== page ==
Three countries in the world can call themselves music exporters: the US, the UK and Sweden. What that means is that they have nailed promoting their music diversity and talent overseas and done a stellar job in increasing their music sector’s competitiveness globally.
Australia would very much like to join that elite club. And there is heaps of potential in the country to make that happen. One of the ways to do that is through cooperation with global music bodies. Another one is showcasing Australian artists at international events. That’s exactly what Sounds Australia has been doing since 2009.
PART 69 OF “AM I EVER GONNA SEE YOUR FACE AGAIN?” A RANDOM COLLECTION OF UNKNOWINGLY OBVIOUS FACTS ABOUT AUSTRALIAN MUSIC SCENE
SXSW in the US, The Great Escape in the UK, Primavera Sound in Spain or Music Matters in Singapore are some of the events where musos from Down Under have featured over the years. You might even recognise the names of a few of them.
RÜFÜS DU SOL and Kim Churchill played the Reeperbahn Festival in Hamburg, Germany in 2014. Ali Barter and DZ Deathrays appeared at Trade Mission in Latin America in 2017. Most recently, in January 2020, Alice Skye and Emily Wurramara performed at Folk Alliance International in New Orleans.
All that has been possible thanks to Sounds Australia. This development initiative is “a joint partnership between the Australia Council of the Arts, APRA AMCOS, the Australian Government, ARIA, the PPCA and state government agencies”.
If you don’t recognise the acronyms above, they’re government units working with the arts or music industry bodies from Down Under. Most countries where music plays a significant role in the economy and cultural realm have this sort of music export office.
Sounds Australia’s staff members are music professionals representing different branches of the industry as well. Think event management and venue booking (Millie Millgate – the Executive Producer), music journalism and radio (Dom Alessio – the Digital Export Producer) or record labels, A&R and marketing (Glenn Dickie – the Export Music Producer). These people clearly know what they’re doing.
Apart from supporting artists and producing showcasing events, Sounds Australia enables networking. They’re regularly present at the biggest industry conferences in the country, BIGSOUND and CHANGES. After all, both musos and their managers greatly benefit from opportunities to connect with the biggest players in the business. I’m speaking from experience, actually.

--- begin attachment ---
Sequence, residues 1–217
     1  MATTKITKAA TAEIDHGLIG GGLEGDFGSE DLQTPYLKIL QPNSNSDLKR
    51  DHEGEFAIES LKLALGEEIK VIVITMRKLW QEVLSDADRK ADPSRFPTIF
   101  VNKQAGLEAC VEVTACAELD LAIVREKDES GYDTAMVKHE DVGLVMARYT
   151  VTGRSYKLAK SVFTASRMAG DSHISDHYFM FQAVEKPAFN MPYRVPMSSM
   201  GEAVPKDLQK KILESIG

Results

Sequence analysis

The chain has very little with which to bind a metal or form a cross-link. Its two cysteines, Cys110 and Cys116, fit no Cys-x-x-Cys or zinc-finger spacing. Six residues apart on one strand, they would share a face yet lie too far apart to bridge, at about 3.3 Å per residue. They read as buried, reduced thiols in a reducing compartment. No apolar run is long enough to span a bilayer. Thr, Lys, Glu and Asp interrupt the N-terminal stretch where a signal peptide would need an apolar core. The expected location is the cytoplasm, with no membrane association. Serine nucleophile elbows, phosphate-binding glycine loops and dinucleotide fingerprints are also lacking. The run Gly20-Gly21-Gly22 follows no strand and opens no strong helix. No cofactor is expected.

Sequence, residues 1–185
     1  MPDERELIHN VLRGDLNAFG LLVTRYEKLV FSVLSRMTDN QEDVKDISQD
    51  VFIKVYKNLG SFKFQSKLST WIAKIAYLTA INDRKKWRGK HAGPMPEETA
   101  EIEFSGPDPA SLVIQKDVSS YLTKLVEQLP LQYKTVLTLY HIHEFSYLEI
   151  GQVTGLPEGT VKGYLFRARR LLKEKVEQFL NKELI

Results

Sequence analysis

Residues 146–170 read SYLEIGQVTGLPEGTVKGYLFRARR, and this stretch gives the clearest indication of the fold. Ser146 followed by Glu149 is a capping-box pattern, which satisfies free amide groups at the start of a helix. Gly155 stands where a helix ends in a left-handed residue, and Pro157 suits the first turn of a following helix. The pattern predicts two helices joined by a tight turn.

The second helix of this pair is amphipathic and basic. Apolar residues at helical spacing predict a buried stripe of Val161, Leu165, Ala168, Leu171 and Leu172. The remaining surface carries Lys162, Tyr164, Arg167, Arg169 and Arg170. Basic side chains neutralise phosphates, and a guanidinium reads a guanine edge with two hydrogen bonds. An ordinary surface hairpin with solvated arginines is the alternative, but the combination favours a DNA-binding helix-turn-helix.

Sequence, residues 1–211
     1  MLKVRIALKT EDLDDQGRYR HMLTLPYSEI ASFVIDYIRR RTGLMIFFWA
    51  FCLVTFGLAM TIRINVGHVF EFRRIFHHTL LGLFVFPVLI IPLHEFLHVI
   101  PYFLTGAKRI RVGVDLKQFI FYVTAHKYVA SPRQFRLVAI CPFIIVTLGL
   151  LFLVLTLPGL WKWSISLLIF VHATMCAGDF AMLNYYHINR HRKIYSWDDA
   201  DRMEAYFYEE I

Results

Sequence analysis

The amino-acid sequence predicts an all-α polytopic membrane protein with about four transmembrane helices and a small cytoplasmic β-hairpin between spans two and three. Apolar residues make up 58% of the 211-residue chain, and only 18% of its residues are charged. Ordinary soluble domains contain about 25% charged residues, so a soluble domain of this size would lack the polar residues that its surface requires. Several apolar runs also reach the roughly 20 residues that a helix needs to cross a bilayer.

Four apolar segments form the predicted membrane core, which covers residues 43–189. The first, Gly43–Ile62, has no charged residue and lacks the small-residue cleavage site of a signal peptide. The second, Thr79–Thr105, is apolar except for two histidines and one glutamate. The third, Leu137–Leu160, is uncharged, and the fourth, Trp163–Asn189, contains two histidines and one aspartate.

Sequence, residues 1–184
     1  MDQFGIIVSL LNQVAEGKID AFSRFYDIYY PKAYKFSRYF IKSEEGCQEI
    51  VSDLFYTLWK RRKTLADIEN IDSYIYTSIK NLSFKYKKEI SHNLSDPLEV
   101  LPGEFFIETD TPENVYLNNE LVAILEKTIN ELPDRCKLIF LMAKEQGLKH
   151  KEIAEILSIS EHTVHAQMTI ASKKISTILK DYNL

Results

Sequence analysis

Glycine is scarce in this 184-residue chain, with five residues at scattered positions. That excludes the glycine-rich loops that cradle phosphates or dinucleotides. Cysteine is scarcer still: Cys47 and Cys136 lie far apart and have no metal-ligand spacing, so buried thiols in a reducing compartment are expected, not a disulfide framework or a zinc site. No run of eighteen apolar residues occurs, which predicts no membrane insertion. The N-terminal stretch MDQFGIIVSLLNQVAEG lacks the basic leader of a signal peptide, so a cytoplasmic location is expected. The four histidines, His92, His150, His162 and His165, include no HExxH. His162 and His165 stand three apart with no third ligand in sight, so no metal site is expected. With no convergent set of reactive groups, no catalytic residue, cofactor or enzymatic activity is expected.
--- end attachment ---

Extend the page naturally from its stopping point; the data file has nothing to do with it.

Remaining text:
Sounds Australia’s website offers comprehensive guidance on applying to showcasing opportunities overseas. Which is good because not everyone knows how to deal with complicated visa or tax requirements, for instance.
Although it’s the artists themselves that search the events they want to appear at, they’re given a set of tools and resources to assess their decisions and pick the best options out there. If you’re not sure how to secure funding in your respective territory, you’ll find that information on the page as well.
The pandemic has, inevitably, made it more difficult for artists to travel overseas. The same goes for Sounds Australia and staging events in the country. So things have moved partially online.
In mid-March this year, a few Aussie artists participated in SXSW through the “CLOSE UP” event. Baker Boy, The Chats and Jaguar Jonze were amongst the acts that recorded performances in their backyards, “however they chose to interpret that theme”.
Last year, Sounds Australia and other international music export agencies created a completely new project called Global Music Match. Its main purpose is to help artists navigate the world of music in the new, pandemic conditions. After a very successful launch, it’s now in the second year of accepting applications.
In an interview with The Industry Observer, the APRA AMCOS director, Dean Ormston, talked comprehensively about the strategies to make Australia a music exporter. It’s a long and winding road which requires a greater government cooperation, increased funding, super creative ideas and, above all, heaps of patience. But I really do think that the music industry Down Under is heading in the right direction.
Sounds Australia is definitely forging a path towards that ambitious goal.
Finally, to see what sort of Australian artists have represented the country overseas, check out this Sounds Australia playlist, updated with their most recent releases.
Interested in finding out more about the ins and outs of the Australian music industry? Here are some more reads:
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